Sierra Leone has endured years of political and economic instability as a direct consequence of the civil war that lasted more than 10 years. During the war, many people left the country, much of the infrastructure was destroyed and institutions nearly disappeared. The country’s GDP is largely based on agriculture, amounting to 43% of the total GDP; 62% of rural population is rural, and the majority works in agriculture or mining sectors.
These are dark days if you care about justice. New estimates reveal that over 5 billion people live outside the protection of the law. These are people who can be driven from their land, intimidated by violence, and excluded from society.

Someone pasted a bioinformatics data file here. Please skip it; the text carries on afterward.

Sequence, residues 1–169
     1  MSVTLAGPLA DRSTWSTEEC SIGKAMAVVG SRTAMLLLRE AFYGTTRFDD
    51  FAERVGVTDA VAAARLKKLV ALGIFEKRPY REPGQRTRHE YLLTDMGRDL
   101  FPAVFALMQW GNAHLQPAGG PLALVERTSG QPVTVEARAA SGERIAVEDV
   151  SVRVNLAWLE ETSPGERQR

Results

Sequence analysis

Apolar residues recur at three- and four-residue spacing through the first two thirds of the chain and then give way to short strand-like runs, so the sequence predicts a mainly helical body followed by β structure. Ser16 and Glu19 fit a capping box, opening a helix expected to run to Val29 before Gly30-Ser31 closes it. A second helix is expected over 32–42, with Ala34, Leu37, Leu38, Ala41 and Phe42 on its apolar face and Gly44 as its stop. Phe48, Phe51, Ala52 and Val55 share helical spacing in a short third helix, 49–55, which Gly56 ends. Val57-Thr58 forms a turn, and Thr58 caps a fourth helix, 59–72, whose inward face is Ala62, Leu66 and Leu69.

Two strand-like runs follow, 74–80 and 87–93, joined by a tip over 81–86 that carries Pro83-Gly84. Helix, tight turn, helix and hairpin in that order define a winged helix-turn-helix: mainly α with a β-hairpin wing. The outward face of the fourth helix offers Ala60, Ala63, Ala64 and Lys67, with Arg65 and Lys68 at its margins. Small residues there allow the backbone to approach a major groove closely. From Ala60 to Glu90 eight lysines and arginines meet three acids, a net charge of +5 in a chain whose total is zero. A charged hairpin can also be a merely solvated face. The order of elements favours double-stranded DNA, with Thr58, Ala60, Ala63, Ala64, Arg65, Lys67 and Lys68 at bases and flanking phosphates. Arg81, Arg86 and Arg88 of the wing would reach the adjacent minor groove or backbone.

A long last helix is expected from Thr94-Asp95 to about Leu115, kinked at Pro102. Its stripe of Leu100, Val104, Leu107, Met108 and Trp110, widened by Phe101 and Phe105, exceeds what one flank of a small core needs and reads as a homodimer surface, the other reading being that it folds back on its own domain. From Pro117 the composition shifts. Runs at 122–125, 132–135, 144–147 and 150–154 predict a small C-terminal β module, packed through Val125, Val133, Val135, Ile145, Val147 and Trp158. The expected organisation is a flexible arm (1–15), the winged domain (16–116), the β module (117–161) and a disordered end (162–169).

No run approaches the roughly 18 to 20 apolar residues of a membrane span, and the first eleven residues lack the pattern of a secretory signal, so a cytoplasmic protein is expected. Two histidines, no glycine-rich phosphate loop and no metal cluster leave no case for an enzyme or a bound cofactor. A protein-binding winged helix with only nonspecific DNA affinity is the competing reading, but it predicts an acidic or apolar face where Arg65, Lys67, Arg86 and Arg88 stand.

Against the backdrop of this staggering figure, community paralegals offer hope.
Millions of peasant farmers in the rural areas of Sierra Leone do not own land of their own but have to rent from land owning families. Added to their poverty is the fact that they depend on Shylock money lenders to secure seeds and capital for their farming activities.